Helping a global robotics and automation client supercharge its supply chain with procurement analytics

Key highlights
  • The client wanted to generate end-to-end supply chain visibility in order to improve operational business performance
  • The Smart Cube deployed its Procurement Analytics solution, digitising supply chain data and leveraging advanced analytics
  • Recommendations drove measurable monetary benefits, including opportunities to improve the client’s EBITDA margin by up to 5%, translating into $50 million in additional profits
Download a copy

Business challenge

In this fast-evolving world of globally integrated, dynamic supply networks, businesses need to adapt to create agility, flexibility and real time visibility along their supply chains.

A large global robotics and automation company, with manufacturing and non-manufacturing sites across 90 countries, came to The Smart Cube with a challenge: “How can I improve operational business performance using my supply chain data?”

The Smart Cube solution

The Smart Cube deployed its Procurement Analytics solution to generate end-to-end supply chain visibility, insights into operational performance, and opportunities to drive improvements across the client’s global supply chain.

The solution involves digitising supply chain data and leveraging advanced analytics, through a multi-stage approach:

Defining the specific business problems

In order to devise an appropriate strategy, the client’s broad operational performance challenge had to first be broken down into specific business issues, and then prioritised. The Smart Cube provided key insights by conducting stakeholder interviews, assessing data availability and quality, and determining business impact/ROI for various use cases.

This process identified two initial opportunities to deliver tangible ROI:

  • Due to inorganic growth, the client had no consistent visibility on performance, utilisation and profitability across multiple plants making it difficult to make fact-based decisions that would optimise production mix among plants and third-party manufacturers.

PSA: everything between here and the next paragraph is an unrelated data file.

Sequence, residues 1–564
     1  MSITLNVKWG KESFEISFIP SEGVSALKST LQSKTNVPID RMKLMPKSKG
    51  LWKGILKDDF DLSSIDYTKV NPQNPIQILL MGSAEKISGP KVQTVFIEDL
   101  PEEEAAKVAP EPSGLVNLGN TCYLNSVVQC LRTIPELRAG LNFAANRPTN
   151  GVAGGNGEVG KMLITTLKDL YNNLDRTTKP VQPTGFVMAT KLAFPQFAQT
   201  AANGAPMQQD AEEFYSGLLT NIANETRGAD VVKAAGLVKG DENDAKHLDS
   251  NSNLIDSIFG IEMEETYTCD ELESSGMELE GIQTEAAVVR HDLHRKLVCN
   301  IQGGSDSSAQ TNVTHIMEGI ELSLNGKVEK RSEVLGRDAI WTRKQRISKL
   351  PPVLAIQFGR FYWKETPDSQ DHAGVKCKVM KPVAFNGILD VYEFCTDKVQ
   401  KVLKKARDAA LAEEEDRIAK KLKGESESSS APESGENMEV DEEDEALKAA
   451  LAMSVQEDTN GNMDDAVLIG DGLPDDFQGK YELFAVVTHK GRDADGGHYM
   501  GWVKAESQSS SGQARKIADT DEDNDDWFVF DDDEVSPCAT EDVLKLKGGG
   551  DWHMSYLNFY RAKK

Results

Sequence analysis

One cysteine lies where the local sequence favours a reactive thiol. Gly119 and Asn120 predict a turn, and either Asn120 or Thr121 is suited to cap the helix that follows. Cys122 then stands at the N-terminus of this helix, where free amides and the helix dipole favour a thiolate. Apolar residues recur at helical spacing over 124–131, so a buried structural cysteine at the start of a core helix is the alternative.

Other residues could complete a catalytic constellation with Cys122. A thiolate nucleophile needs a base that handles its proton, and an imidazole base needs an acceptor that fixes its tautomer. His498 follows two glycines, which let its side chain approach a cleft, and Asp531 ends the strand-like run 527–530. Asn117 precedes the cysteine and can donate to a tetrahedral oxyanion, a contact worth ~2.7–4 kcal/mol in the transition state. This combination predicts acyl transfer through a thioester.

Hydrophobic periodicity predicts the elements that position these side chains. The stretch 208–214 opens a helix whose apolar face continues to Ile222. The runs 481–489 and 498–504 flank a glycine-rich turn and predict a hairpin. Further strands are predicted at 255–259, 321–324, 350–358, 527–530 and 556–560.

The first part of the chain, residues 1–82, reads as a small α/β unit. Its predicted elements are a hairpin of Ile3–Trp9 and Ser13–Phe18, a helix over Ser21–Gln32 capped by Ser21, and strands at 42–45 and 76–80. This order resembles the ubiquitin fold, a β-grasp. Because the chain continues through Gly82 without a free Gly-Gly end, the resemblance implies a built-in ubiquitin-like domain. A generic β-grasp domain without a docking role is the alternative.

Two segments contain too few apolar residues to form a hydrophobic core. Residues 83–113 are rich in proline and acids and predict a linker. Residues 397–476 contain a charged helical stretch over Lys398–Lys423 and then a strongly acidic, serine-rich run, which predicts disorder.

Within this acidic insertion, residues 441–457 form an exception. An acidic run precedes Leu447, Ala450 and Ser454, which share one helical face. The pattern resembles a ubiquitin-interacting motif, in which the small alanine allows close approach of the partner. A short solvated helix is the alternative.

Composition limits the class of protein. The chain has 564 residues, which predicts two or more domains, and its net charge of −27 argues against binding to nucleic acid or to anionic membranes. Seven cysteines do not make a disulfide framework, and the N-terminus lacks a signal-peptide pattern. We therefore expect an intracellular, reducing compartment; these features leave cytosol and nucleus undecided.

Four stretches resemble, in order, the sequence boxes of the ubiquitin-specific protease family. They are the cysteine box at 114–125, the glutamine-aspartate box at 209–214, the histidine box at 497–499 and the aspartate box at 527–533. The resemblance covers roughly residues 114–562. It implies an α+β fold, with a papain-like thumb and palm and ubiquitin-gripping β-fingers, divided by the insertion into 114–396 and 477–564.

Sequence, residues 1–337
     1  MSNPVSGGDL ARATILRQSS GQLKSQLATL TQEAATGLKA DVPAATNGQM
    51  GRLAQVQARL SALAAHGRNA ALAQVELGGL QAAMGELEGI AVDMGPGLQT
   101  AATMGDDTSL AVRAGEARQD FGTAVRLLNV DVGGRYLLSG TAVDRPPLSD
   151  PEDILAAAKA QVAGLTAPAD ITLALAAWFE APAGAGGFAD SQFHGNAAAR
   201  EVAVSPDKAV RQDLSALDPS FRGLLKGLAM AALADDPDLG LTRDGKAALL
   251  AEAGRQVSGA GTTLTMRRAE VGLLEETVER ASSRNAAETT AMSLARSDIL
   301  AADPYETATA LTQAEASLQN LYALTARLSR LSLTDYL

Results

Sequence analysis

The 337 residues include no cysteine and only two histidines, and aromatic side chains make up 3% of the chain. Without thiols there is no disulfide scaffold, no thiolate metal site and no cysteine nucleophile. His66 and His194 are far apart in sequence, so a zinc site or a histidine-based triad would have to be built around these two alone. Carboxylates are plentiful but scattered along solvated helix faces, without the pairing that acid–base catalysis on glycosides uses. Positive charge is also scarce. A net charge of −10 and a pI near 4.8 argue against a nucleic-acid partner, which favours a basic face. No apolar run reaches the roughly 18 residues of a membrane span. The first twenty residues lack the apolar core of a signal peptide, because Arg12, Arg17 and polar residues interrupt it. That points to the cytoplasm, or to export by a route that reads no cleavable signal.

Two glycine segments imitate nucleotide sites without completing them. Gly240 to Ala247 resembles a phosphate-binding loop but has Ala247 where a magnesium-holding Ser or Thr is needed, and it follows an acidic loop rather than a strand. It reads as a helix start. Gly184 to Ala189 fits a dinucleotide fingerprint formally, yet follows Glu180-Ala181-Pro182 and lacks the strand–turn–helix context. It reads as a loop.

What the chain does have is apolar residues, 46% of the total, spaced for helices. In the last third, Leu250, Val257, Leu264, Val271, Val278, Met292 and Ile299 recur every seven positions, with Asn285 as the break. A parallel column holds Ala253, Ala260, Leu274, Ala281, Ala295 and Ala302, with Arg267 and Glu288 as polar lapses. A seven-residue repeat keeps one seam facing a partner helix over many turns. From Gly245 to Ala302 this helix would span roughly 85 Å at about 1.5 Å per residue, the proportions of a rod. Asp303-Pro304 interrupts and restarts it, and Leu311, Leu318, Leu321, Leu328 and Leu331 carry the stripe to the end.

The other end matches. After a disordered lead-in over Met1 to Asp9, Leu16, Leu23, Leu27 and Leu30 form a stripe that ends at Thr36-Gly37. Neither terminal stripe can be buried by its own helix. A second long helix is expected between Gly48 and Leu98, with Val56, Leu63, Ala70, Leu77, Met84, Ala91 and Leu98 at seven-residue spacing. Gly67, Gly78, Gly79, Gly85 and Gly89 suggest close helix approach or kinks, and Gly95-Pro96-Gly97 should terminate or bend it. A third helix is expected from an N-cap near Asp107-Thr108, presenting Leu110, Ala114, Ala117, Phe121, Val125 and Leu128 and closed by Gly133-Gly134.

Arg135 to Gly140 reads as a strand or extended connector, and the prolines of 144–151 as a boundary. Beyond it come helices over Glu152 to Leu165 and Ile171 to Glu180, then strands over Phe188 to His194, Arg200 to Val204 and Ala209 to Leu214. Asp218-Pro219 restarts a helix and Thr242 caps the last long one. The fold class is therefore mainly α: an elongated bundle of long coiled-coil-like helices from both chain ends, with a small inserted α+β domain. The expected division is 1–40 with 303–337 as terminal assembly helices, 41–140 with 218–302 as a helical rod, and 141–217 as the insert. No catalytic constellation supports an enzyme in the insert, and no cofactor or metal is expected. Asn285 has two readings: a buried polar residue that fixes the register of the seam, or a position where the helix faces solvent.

• Product level cost structure, including employee costs, varied significantly.
Collecting and standardising data

This stage of the process tends to be the most effort-intensive. The Smart Cube’s analytics experts put in place the data management architecture through three steps:

  1. Data discovery – With the client team we identified relevant sources of data from multiple functions within the supply chain – Finance, Purchasing, Production, Sales, Customer Service and Workforce – that enabled a baseline comparison across operations.
  2. Data preparation – Client data came in different structures and varying aggregation levels. HR and location data came as flat files that were continuously updated in the client’s systems; this provided the most granular information, available for each product category at each location. In contrast, financial information (such as P&L and balance sheet) was available only at country level and by quarter, thus having the lowest granularity. Discrepancies between data sources – structure, granularity and reporting period – required definition of the data extraction rules so that only relevant information was kept for analysis, for which a Python-based automated data preparation process was deployed.
  3. Data integration – To link information from different sources, and apply analytics, we built a dynamic